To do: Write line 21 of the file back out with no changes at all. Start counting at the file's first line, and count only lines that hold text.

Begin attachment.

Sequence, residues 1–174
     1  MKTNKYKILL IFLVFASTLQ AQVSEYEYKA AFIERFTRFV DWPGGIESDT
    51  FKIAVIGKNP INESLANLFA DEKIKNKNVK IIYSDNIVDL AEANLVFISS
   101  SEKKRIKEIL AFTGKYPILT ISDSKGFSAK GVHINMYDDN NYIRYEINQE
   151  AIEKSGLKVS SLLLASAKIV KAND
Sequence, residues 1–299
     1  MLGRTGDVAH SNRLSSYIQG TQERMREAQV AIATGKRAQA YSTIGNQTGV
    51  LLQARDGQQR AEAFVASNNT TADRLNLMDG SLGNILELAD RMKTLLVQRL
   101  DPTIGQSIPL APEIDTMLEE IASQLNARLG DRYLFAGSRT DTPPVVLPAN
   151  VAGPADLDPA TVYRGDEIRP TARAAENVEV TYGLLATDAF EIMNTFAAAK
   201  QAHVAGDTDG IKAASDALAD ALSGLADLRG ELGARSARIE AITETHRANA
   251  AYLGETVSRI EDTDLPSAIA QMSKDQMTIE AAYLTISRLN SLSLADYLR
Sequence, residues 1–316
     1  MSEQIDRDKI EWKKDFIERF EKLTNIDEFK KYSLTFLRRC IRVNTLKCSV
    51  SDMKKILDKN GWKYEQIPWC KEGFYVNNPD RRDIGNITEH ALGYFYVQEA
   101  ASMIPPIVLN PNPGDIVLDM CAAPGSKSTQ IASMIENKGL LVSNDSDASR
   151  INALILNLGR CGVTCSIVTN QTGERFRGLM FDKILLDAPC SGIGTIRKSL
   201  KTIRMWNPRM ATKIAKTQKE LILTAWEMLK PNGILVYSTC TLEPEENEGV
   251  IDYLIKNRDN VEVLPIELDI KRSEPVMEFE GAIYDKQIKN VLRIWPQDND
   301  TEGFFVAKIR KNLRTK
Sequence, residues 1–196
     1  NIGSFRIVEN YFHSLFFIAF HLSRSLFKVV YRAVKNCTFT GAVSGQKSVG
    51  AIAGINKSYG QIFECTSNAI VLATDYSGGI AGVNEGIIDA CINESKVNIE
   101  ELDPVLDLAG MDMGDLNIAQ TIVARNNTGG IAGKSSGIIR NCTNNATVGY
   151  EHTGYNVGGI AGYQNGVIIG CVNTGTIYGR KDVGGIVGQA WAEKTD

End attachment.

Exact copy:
Sequence, residues 1–196